The forward cabin is available in a couple of configurations, one with an island queen berth, the other with a centerline partition and two smaller doubles. In either layout, there’s a separate head and shower between the berths and the saloon.

Aboard the 50 CC, however, the real luxury is found aft, where a chaise lounge on the port quarter and a settee to starboard frame an island queen that incorporates a three-panel base that can be folded back to unveil a full-size tub with jets. This was a standard feature on the first few hulls, but it was made an option on later ones at the request of buyers who said they’d take additional storage over bubbles. Not that storage in the after cabin is really an issue, thanks to the walk-in cedar-lined closet to starboard.

As is the case with most Hunters, access to the engine and the dripless shaft gland is excellent, and the deep bilge, with its dual pumps and well-labeled through-hulls, will be appreciated by safety-conscious owners. Here, below the waterline, hull construction is solid glass, and there are layers of Kevlar from the keel forward for collision protection.


Topside, as on the aft-cockpit Hunter 49, the 50 CC carries the trademark Hunter stainless-steel arch and traveler above the wheel. A double-ended mainsheet leads to an electric winch nearby and to another on the cabin top. And the 50 is powered with the same B&R (Bergstrom & Ridder) rig whose swept-back spreaders eliminate the need for a backstay.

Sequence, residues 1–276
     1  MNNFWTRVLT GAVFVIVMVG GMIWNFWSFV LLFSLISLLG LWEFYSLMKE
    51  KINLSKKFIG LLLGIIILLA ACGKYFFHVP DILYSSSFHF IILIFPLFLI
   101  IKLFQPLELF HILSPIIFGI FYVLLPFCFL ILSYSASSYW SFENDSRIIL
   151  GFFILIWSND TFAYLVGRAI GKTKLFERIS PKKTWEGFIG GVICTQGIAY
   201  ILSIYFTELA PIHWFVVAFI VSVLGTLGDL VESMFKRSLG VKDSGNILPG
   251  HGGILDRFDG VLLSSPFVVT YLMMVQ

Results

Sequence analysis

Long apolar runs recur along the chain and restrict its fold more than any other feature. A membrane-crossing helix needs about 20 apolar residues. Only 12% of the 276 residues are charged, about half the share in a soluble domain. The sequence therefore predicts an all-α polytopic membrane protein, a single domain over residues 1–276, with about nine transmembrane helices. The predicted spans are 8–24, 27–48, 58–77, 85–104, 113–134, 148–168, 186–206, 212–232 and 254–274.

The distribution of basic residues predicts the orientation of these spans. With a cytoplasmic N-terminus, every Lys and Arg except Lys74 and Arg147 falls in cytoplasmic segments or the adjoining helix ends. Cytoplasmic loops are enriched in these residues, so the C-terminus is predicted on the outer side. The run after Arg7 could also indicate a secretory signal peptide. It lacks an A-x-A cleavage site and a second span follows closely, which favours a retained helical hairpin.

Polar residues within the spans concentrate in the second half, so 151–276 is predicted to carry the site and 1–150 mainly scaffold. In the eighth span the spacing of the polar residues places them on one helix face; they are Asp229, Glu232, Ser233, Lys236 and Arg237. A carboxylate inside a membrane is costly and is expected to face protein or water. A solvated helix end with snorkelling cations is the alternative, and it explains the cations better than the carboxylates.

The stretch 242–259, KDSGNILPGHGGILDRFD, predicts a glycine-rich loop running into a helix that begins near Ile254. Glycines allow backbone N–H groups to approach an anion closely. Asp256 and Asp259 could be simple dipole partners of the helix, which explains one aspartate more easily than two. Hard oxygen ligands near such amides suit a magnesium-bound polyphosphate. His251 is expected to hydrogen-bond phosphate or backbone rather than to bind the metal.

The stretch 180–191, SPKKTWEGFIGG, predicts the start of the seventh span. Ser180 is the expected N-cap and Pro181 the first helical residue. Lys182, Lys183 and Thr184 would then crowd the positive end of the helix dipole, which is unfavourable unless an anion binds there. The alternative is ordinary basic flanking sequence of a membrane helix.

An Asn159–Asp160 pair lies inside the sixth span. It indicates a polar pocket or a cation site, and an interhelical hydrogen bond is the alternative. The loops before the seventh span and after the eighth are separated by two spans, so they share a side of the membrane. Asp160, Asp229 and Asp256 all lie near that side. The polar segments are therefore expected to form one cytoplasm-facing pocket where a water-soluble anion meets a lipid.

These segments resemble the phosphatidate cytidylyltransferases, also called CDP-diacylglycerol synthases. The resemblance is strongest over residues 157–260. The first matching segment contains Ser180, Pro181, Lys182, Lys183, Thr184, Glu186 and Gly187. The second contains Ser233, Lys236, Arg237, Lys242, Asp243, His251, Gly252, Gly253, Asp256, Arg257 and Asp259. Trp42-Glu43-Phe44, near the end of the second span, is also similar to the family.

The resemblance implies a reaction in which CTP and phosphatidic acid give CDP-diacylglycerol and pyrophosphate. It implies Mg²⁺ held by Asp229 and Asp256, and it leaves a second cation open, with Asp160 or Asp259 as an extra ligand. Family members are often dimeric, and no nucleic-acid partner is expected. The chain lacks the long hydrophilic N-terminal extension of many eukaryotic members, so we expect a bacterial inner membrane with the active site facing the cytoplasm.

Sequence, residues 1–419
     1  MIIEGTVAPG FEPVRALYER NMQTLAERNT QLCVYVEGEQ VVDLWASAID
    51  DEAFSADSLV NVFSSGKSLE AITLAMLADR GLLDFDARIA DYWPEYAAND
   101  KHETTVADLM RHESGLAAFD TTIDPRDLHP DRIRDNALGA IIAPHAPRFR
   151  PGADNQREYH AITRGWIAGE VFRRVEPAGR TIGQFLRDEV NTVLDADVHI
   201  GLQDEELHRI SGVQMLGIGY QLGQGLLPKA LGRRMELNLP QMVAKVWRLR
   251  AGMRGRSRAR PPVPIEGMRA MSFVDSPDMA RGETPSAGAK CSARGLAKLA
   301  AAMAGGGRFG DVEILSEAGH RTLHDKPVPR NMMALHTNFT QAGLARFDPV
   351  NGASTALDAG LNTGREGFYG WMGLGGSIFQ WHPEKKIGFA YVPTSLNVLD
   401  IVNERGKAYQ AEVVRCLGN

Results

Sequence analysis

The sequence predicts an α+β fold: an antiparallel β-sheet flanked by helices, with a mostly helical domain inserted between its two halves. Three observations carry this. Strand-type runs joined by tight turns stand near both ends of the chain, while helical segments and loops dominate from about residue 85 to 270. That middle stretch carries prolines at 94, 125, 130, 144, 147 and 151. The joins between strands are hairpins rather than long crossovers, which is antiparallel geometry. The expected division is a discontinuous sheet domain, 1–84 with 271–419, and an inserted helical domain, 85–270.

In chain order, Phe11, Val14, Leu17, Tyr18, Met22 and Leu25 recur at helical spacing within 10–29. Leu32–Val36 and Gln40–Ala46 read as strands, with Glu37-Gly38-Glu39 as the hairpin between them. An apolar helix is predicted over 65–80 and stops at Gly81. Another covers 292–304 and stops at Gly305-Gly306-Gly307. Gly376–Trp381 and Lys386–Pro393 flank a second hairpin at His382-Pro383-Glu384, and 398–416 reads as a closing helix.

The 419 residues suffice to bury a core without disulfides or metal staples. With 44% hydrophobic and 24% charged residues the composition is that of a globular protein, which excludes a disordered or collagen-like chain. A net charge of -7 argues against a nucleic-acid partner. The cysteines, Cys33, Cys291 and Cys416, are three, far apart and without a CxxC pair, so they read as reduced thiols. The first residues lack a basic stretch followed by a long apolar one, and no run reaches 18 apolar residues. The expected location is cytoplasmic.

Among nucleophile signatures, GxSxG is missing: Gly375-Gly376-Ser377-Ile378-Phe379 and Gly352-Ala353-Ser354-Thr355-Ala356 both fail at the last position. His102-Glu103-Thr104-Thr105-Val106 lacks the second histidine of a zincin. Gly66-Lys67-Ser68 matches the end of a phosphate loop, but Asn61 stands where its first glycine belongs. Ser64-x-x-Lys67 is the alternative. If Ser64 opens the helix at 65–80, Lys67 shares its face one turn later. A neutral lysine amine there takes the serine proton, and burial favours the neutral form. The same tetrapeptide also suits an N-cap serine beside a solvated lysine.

The boat we sailed came with Hunter’s Mariner Package, as have most of the 50 CCs sold to date. It includes a Seldén in-mast furling mainsail with vertical battens as well as a self-tending nonoverlapping jib set on a Furlex furler. There several different sail combinations for the 50, including a tall rig and various headsail configurations.
If this were my boat, I’d opt for an additional overlapping genoa and an off-wind sail. Running back toward the marina, with the breeze well aft, we could’ve used more horsepower.

Sailing upwind in a brisk breeze, we saw boat speeds in the high 6- and low 7-knot range. On a beam reach, we did a little better than 8 knots over the ground, according to my handheld GPS. In the rough seas we encountered, the rack-and-pinion steering felt a little sluggish, but that may have been because it hadn’t yet been adjusted.

Under power, we were pushed along comfortably at about 8 knots by the 110-horsepower Yanmar. I did find that I had to keep a steady hand on the helm or we’d get pulled off course by prop wash over the rudder. When we backed down, windage and prop walk to port proved challenging, making the 50 CC’s bow thruster more of a must than an option.

All in all, the new Hunter serves up lots of creature comforts-at a base price of just under $400,000. (With all its options, the boat we sailed came in at about $540,000.) That figure shouldn’t starve the cruising kitty of an owner looking for a nice ride in this size range.


LOA 49′ 11″ (15.21 m.)
LWL 43′ 10″ (13.36 m.)
Beam 14′ 9″ (4.50 m.)
Draft (shoal/dp.) 5′ 6″/7′ 0″ (1.68/2.13 m.)
Sail Area (100%) 1,056 sq. ft. (98.1 sq. m.)
Ballast 12,500 lb. (5,670 kg.)
D (shoal/dp.) 36,945/35,661 lb. (16,758/16,175 kg.)
Ballast/D (shoal/dp.) .34/.35
D/L (shoal/dp.) 196/189
SA/D (shoal/dp.) 15.2/15.6
Water 194 gal. (734 l.)
Fuel 162 gal. (613 l.)
Mast Ht. (std./tall) 63′ 4″/68′ 6″ (19.3/20.9 m.)
Engine 110-hp. Yanmar
Designer Glenn Henderson,
Hunter Design Team
Base Price $380,000
Hunter Marine
(386) 462-3630

Mark Pillsbury is editor of Cruising World.